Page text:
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30 U. Heller, F. Karsch / Finite-temperature SU(2) lattice gauge theory

finite quark mass. MC simulations for the SU(3) theory show that even for finite quark masses a sudden change, perhaps even a phase transition, persists in thermo- dynamic quantities [7].

In this paper, we will investigate the thermodynamics of SU(2) gauge theory with two light-quark flavours. Firstly, we are interested in the phase structure of the SU(2) gauge theory in the presence of dynamical quarks. There is, however, another interesting feature of the influence of fermions on the thermodynamics of S U ( N ) gauge theories observed in the first SU(3) simulations, which we will address. It has been found that, unlike in the pure gauge theory, the energy density is far from showing asymptotic free gas behaviour even at rather high temperatures [7]. More- over, the deviations from the Stefan-Boltzmann limit are positive, contrary to what one would expect from continuum perturbation theory [8]. It is thus important to understand whether the large deviations observed indicate the relevance of interac- tions in the quark-gluon plasma even at rather high temperatures, or whether they are due to finite-lattice-size effects. We will discuss this question in detail in sect. 3 where we give the results of an O(g 2) (one-loop) weak coupling calculation of the energy density. This has been done previously in the pure gauge sector [9]. Our results indicate that finite-size effects are more severe in the presence of (staggered) quarks than in the pure gauge sector, where the correct O(g 2) corrections have been observed on rather small lattices (see ref. [10] and also discussion in ref. [9]).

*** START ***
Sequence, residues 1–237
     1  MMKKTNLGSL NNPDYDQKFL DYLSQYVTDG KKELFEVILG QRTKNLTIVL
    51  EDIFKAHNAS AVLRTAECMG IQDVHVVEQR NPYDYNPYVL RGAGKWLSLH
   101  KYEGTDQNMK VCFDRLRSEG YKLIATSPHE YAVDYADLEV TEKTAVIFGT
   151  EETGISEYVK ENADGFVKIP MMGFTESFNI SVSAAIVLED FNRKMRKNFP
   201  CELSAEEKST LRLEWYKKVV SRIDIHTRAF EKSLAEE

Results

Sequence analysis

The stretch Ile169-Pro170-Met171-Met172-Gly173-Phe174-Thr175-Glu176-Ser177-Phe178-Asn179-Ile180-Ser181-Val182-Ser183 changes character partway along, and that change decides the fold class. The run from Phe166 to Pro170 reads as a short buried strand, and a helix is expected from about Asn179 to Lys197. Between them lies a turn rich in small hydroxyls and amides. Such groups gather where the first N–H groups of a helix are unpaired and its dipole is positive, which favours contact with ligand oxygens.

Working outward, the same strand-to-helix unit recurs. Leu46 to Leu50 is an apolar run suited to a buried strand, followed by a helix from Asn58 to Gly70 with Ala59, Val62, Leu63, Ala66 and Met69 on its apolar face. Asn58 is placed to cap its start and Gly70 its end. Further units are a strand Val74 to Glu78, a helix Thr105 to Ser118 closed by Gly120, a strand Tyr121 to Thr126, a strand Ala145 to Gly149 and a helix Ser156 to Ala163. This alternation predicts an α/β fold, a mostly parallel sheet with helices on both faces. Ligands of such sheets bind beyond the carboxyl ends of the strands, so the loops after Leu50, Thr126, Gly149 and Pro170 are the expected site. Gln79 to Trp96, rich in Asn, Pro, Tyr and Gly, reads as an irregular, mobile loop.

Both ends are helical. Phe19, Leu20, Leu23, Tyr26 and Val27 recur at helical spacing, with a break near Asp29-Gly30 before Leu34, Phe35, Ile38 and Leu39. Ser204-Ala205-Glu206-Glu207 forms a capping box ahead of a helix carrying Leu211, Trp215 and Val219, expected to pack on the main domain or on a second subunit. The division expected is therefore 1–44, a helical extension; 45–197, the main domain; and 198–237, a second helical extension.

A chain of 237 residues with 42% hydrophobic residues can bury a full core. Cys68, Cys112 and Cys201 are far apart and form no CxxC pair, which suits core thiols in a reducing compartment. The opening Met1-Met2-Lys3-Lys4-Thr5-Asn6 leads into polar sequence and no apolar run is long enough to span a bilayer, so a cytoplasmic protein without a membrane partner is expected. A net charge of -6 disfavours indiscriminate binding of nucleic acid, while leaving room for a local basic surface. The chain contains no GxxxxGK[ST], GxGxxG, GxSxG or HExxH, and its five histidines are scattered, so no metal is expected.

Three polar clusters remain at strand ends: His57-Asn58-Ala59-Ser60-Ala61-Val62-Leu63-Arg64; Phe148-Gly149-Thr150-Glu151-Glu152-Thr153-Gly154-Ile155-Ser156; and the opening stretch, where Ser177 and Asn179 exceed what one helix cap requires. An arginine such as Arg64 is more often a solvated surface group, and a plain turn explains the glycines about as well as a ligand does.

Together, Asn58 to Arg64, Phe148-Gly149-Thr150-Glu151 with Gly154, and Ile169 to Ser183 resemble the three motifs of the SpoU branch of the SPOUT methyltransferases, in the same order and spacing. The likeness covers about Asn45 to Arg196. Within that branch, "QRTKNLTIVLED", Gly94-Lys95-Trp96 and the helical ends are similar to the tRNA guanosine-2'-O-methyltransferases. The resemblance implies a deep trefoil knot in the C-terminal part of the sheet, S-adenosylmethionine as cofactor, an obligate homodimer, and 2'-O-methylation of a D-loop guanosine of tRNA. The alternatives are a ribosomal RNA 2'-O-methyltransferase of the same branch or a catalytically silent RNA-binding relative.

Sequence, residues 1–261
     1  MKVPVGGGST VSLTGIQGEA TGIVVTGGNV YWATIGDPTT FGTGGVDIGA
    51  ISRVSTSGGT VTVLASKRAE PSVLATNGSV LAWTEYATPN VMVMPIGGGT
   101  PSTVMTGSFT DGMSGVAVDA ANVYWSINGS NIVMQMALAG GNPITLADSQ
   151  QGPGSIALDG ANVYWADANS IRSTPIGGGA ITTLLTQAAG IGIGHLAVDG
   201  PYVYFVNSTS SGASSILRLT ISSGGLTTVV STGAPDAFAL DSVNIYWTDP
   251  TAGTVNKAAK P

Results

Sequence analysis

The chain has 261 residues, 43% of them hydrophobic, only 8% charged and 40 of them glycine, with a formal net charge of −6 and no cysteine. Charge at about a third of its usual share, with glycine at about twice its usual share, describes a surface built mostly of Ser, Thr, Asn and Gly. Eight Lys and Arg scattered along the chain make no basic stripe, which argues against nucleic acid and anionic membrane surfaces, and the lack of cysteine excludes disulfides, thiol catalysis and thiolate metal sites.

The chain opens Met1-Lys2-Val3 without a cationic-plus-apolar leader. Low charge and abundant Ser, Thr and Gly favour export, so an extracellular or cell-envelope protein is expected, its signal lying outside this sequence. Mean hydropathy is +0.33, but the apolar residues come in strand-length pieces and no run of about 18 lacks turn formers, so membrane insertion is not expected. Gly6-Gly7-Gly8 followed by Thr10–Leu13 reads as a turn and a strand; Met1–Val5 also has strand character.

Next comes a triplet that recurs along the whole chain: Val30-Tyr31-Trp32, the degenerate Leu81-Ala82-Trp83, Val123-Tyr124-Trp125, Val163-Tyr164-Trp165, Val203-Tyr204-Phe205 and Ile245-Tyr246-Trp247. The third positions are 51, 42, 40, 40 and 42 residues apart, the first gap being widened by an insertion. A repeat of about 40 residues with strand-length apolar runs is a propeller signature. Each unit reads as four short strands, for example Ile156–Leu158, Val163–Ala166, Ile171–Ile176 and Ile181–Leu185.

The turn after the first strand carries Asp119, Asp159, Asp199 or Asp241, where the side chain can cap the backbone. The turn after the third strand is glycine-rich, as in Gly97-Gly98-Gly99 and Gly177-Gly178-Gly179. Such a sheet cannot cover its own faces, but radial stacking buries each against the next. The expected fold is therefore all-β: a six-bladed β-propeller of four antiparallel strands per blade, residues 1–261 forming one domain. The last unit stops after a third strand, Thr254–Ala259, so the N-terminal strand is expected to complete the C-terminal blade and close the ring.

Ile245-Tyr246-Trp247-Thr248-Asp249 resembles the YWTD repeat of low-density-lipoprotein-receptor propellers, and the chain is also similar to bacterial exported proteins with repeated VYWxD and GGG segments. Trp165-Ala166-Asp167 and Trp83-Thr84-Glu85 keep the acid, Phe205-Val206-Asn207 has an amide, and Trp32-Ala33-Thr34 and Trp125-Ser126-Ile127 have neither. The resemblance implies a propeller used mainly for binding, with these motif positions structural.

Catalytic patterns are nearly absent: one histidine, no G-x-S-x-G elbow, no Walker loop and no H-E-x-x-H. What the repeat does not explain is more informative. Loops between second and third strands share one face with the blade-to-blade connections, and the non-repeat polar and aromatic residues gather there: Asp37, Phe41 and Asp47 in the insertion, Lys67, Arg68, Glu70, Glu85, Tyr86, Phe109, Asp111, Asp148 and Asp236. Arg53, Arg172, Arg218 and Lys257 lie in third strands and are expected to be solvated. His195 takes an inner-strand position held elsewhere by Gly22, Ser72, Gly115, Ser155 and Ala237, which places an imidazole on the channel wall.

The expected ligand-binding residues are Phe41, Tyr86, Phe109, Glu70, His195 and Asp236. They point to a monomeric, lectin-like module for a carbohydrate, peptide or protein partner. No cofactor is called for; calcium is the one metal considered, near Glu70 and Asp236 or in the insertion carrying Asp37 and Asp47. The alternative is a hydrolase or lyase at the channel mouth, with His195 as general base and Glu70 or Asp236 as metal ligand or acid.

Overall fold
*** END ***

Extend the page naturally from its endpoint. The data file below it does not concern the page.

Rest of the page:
The following section, sect. 2, serves to fix our notations and gives the basic formulas for the discussion of the thermodynamics of SU(2) gauge theory with staggered fermions. In sect. 3, we discuss the results of an O(g 2) weak coupling expansion. Our MC simulations on 83 × 2 and 83 × 4 lattices are discussed in sect. 4.

Sect. 5 contains our conclusions. Some explicit formulag of the weak coupling expansion are given in an appendix.

2. Basic formulas for lattice thermodynamics

In the following we will discuss the thermodynamics of SU(2) lattice gauge theory in the presence of dynamical quarks. In order to preserve the chiral symmetry of the continuum theory, at least partially on the lattice, we used staggered fermions*. The action is then defined as